The U.S. finished second at the 2018 Concacaf Women’s U-20 Championship in Trinidad and Tobago but had already qualified for the World Cup by winning a thrilling penalty kick shootout over Haiti in the semifinal. After Haiti scored a late goal in second-half stoppage time, the game went straight to penalty kicks. Goalkeeper Amanda McGlynn, making just her fourth start for the U-20s, made two stellar saves on Haiti’s first two attempts. The Haitians missed their third attempt, setting up defender Zoe Morse to finish a game-winning and Word Cup-clinching PK.

The U-20s have been busy since the World Cup qualifying tournament, playing numerous international matches. While the team’s activities were limited in the fall of 2017 as most players in the pool competed during the college season, the USA has gathered every month in 2018 and its performances have continued to improve.

The U-20s put together an undefeated run at March’s La Manga tournament in Spain, defeating a mix of U-23 and U-20 national teams. In June, the USA took home the tournament title at the prestigious Tournoi Maurice Revello Sud Ladies Cup in France. The World Cup marks the team’s third trip to France this year, after the Sud Ladies Cup and a March pair of friendlies played against Les Bleus at World Cup venues.

That March trip to France kicked off a record-breaking goal scoring streak for forward Sophia Smith. She bagged a brace in the U-20s’ March 6 against France, and has scored in eight straight games since. The nine-game run stands as a Youth National Team record, tying Michelle Akers’ senior WNT streak achieved in 1991. 


The USA sports a proud history at the U-20 Women’s World Cup. This year’s competition marks the ninth WWC at this level and the U.S. has won the tournament three times.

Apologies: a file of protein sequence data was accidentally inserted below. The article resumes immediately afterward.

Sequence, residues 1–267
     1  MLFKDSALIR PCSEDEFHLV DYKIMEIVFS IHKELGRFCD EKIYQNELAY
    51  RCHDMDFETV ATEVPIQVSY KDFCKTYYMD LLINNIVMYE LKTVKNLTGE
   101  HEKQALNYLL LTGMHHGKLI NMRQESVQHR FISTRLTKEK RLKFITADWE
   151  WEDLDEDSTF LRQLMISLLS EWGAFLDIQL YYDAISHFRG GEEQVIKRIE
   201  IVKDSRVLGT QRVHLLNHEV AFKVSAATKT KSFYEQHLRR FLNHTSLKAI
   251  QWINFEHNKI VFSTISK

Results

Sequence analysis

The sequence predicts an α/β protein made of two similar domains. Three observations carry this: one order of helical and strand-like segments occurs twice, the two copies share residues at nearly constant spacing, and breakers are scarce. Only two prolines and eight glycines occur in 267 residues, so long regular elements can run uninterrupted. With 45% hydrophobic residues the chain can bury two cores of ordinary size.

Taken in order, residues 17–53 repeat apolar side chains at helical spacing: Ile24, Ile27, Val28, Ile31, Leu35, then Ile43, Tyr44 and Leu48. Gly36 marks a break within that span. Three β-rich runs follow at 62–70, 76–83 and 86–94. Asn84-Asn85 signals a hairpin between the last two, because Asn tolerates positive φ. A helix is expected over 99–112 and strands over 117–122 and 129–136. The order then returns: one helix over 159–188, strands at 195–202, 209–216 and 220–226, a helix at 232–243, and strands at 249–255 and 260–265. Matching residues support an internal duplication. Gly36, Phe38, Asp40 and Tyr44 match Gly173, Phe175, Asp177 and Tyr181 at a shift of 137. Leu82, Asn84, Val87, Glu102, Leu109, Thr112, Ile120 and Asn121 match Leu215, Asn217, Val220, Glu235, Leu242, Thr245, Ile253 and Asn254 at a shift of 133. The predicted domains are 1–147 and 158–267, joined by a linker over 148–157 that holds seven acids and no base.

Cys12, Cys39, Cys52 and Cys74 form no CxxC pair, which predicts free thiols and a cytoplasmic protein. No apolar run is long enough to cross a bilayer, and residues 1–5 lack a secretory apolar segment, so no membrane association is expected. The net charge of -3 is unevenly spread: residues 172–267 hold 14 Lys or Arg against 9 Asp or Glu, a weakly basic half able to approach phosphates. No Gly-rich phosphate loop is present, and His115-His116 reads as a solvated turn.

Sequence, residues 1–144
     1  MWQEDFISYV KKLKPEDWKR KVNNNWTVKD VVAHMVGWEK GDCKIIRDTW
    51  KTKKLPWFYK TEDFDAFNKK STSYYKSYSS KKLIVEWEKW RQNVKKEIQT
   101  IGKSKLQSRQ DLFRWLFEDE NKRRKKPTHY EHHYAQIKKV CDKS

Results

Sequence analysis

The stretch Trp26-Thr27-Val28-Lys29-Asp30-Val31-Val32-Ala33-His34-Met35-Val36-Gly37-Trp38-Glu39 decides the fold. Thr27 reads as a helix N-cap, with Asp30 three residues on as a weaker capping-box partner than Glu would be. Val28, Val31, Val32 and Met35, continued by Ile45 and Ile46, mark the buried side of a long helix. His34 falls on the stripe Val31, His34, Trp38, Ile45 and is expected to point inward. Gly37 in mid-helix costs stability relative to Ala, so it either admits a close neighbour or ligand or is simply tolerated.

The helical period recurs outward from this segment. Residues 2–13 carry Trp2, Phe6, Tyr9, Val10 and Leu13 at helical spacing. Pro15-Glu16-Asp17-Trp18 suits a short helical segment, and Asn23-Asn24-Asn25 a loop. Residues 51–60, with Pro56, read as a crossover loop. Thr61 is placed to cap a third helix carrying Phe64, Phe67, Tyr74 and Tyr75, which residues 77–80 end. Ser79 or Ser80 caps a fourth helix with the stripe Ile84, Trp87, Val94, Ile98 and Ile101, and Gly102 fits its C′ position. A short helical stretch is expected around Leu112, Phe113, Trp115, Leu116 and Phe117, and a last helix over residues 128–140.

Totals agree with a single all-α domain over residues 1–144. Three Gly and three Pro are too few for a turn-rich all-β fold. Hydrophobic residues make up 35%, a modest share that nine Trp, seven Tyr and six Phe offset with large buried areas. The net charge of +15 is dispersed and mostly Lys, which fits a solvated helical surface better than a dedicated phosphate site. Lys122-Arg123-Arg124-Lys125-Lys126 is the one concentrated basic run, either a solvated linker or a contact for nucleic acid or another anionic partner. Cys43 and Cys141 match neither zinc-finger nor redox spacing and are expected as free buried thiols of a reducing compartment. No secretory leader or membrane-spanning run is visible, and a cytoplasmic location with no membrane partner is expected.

At the inaugural tournament in 2002, then a U-19 world championship, the USA took down host Canada in front of more than 47,000 fans to claim the first-ever title. In 2008, future senior WNT stars Alex Morgan and Sydney Leroux helped lead the USA to its second title in Thailand. Four years later in 2012, the U.S. took down three group winners in the knockout rounds to win its third World Cup at this age level.

Germany has also won the tournament three times, while Korea DPR has taken home the trophy twice. In 44 matches at the competition, the USA has lost just five games in regulation, including three to Germany. In heartbreaking fashion, the U.S. has been knocked out of the tournament in penalties three times.

The event has served as a launching pad for future WNT stars at the senior level. Most recently, Mallory Pugh captained the 2016 team in Papua New Guinea. Morgan Brian, Crystal Dunn, Julie Ertz and Samantha Mewis helped the U-20s lift the trophy in 2012, while Alyssa Naeher backstopped Leroux and Morgan’s 2008 team to the championship. Tobin Heath, Kelley O’Hara and Amy Rodriguez appeared at the 2006 tournament in Russia, while Megan Rapinoe, Becky Sauerbrunn and Rodriguez also represented the U-20s in 2004 in Thailand.


The USA will open play on Monday, Aug. 6 against Asian champion Japan, take on first-time World Cup participant Paraguay on Friday, Aug. 9 and wrap up the group stage on Monday, Aug. 13 against European champion Spain. All three matches will be broadcast in the U.S. on FS2 and are available online on FOX Sports GO.

U.S. Schedule – 2018 FIFA U-20 Women’s World Cup



Kickoff (ET)



Aug. 6

USA vs. Japan

1:30 p.m.


Stade Guy Piriou; Concarneau, France

Aug. 9

USA vs. Paraguay

1:30 p.m.


Stade Guy Piriou; Concarneau, France

Aug. 13

USA vs. Spain

7:30 a.m.


Stade du Clos Gastel; Dinan-Lehon, France

Fans can follow all of the action from France on U.S. Soccer’s official Facebook, Twitter (@ussoccer_ynt) and Instagram (@ussoccer_ynt) accounts.